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National Coalition for Gay and Lesbian Equality v. Minister of Justice, Constitutional Court of South Africa (9 October 1998)

Procedural Posture

The National Coalition for Gay and Lesbian Equality and the Human Rights Commission brought a lawsuit challenging the constitutionality of statutory and common law offences criminalising anal sex between consenting adult men (referred to as the “sodomy laws”). The High Court ruled the laws unconstitutional and invalid. The Constitutional Court reviewed the order of the High Court.


Whether laws criminalising sexual activity between consenting adult men violated the Constitution of South Africa.

Domestic Law

Constitution of South Africa, Section 9 (guaranteeing equality, and equal protection before the law, and prohibiting unfair discrimination including on the grounds of sexual orientation), Section 10 (dignity), Section 14 (right to privacy), Section 36(1) (providing in part that the rights in the Bill of Rights “may be limited only in terms of law of general application to the extent that the limitation is reasonable and justifiable in an open and democratic society based on human dignity, equality and freedom”).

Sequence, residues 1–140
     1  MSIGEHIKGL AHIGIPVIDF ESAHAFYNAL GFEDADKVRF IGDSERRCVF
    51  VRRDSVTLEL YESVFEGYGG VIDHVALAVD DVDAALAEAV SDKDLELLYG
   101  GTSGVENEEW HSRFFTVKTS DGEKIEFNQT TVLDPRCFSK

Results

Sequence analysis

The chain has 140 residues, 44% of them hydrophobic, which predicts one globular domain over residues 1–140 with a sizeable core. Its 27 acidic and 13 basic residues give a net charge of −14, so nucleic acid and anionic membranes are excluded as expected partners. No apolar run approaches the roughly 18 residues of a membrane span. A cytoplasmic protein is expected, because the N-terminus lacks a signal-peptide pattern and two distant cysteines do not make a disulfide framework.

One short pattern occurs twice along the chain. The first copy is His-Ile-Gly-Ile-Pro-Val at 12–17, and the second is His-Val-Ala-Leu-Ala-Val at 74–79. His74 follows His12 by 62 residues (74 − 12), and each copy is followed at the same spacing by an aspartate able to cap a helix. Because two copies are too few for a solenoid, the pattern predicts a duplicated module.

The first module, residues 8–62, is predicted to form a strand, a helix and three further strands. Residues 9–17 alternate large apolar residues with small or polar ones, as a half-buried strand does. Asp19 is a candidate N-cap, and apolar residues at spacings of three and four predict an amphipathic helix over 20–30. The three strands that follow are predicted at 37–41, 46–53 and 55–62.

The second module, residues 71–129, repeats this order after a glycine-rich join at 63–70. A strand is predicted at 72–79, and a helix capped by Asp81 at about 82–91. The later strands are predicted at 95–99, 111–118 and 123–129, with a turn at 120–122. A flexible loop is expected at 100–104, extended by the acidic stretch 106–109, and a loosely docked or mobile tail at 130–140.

Comparative Law

Bowers v. Hardwick, United States Supreme Court, 1986 (upholding constitutionality of State law criminalising sodomy).

Romer v. Evans, United States Supreme Court, 1996 (finding unconstitutional a State constitutional amendment that withdrew a specific class of people – gays and lesbians – from the protection of the law without a legitimate State purpose, in violation of the equal protection clause of the federal Constitution).

R v. M(C), Ontario Court of Appeal, Canada, 1995 (finding that a higher age of consent for anal intercourse than for vaginal intercourse was discriminatory and violated Section 15(1) of the Canadian Charter of Rights and Freedoms).

Vriend v. Alberta, Supreme Court of Canada, 1998 (holding that sexual orientation was a ground analogous to those listed in section 15(1) of the Canadian Charter of Rights and Freedoms).

International Law

Dudgeon v. United Kingdom, ECtHR, 1981 (finding that the sodomy laws of Northern Ireland violated the right to privacy under the European Convention).

Norris v. Ireland, ECtHR, 1988 (finding that the sodomy laws of Ireland violated the right to privacy under the European Convention).

Toonen v. Australia, United Nations Human Rights Committee, 1994 (finding that the sodomy laws of Tasmania violated the rights to privacy and non-discrimination under the ICCPR).

Reasoning of the Court

Majority Opinion (per Justice Ackermann)